If you are familiar with the Alzheimer’s disease only through its name, consider yourself lucky. This horrible disease often strikes seniors, but has been known to affect mid-aged people as well. Very similar to dementia, it causes memory issues, can disrupt focus and impair communication. As it progresses, people affected become increasingly confused and disoriented and have trouble handling even the easiest task. The scariest of all is that they often forget their closest ones or have flashes of the past, completely unaware of the time period they are currently in.
Unfortunately, there’s still no answer to what causes this horrible disease and why it affects some and not the others. It can be heartbreaking to watch your senior loved one struggle with this disease, but it can also get difficult caring for them as the disease progresses. That is why many families have their senior loved ones move to a nursing home or hire an experienced caregiver through agencies like A Better Way in Home Care to provide professional care for their loved ones.
As June marks the traditional Alzheimer’s and Brain Awareness Month, we are going to share some of the most common myths about Alzheimer’s and attempt to debunk them.
Alzheimer’s is just a part of aging
Even though Alzheimer’s is often confused with dementia and affects the elderly, Alzheimer’s is a disease and not just a natural part of the aging process. Even though we do lose a lot of our cognitive abilities as well as long and short term memory, Alzheimer’s is different in that it also causes personality changes and severe memory loss.
Only seniors are at risk of Alzheimer’s
It’s true that Alzheimer’s symptoms usually manifest in people older than 60, in many cases the disease can strike much earlier. The early-onset symptoms of the Alzheimer’s are not that common, but sadly do occur in younger generations.
Alzheimer’s can be prevented
There are a lot of ways to take care of your cognitive health, but sadly so far there isn’t a cure that would prevent Alzheimer’s from progressing. However, there are some healthy habits that can help delay the onset of symptoms, such as regular exercise, healthy diet with fruits and vegetables, keeping blood pressure low, trying out new hobbies and reading more.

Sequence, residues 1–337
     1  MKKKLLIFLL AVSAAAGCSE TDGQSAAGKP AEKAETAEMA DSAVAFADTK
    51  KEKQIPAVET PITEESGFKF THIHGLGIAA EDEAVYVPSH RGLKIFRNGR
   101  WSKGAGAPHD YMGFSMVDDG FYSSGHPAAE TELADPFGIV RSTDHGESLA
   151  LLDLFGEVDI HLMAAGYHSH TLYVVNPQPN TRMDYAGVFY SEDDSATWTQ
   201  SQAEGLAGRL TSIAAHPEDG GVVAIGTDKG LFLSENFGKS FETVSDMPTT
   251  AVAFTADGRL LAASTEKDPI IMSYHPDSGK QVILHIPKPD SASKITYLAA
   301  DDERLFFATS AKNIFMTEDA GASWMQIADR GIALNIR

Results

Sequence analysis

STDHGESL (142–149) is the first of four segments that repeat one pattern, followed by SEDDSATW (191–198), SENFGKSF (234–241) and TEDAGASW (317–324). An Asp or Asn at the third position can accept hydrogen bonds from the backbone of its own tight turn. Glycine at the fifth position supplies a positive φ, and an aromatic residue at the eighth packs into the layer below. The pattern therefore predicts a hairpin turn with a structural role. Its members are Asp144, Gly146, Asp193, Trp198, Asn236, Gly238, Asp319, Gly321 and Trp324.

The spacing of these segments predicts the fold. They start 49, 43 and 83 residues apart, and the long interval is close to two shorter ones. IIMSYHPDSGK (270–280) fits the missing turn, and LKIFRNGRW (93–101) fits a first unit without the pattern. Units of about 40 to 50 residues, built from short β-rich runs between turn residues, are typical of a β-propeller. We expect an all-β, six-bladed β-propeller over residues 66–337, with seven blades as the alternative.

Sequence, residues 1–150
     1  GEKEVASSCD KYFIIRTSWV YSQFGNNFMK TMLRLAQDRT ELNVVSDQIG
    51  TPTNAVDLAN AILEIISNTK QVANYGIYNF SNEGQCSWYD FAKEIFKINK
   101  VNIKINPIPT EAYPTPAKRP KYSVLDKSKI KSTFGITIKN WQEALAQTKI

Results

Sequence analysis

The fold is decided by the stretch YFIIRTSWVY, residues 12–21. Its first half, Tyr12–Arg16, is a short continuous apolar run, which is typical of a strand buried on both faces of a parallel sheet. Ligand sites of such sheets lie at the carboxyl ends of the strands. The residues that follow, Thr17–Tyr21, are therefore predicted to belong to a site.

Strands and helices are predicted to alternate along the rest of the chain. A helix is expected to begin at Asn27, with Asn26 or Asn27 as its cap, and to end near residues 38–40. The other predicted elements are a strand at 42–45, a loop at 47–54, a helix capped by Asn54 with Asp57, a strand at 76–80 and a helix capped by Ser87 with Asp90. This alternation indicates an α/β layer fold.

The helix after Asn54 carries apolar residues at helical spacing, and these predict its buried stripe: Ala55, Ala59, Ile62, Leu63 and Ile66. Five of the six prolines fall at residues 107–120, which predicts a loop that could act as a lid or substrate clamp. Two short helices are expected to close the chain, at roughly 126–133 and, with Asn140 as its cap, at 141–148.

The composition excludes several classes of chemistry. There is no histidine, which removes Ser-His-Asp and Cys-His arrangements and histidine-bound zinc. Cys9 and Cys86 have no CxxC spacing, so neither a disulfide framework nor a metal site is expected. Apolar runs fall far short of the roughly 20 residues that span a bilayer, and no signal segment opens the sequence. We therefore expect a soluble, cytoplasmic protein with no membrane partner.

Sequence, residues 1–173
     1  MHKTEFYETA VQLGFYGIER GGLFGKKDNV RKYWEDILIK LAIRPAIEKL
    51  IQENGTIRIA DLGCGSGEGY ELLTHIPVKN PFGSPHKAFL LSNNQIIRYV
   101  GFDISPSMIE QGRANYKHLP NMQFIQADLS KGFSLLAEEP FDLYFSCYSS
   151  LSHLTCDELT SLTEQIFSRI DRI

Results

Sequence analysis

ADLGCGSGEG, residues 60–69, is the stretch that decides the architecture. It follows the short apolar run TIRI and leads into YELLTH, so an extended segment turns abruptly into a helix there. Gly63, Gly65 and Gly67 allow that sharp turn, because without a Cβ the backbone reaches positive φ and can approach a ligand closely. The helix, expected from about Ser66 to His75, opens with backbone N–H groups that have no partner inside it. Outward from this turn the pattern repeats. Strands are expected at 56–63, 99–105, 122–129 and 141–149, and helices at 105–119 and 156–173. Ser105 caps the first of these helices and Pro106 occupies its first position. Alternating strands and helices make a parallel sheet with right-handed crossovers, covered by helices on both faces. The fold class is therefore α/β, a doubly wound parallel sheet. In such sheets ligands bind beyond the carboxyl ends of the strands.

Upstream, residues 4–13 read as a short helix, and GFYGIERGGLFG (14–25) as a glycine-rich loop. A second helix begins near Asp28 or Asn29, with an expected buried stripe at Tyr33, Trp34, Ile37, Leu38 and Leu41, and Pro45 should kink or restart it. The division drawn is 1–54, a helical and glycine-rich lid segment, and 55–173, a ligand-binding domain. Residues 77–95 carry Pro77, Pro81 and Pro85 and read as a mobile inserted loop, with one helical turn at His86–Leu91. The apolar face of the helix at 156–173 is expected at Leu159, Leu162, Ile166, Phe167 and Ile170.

If your relatives have Alzheimer’s so will you
Alzheimer’s is often linked to genetics, but Alzheimer’s is not a disease that’s frequently inherited. There is a small number of cases of Familial Alzheimer’s known to scientists. However, if your parents carry the Alzheimer’s gene mutation there’s a 50% chance you can develop the disease. The science is a little vague at this point, but scientists do warn that even without the gene mutation in your parents’ lineage, you can still develop Alzheimer’s.
Alzheimer’s will make you violent and aggressive
This myth has its roots in the popular culture and the way it portraits people with Alzheimer’s. No doubt you’ve seen an Alzheimer’s patient portrayed in a TV show as a violent, confused individual. However, while it’s true that Alzheimer’s can cause personality changes, they are not necessarily violent or aggressive. Some seniors become restless, others curious, and not everyone is always unresponsive or unaware of their surroundings. Alzheimer’s patients still need to maintain social connections with their loved ones or caregivers keeping them company.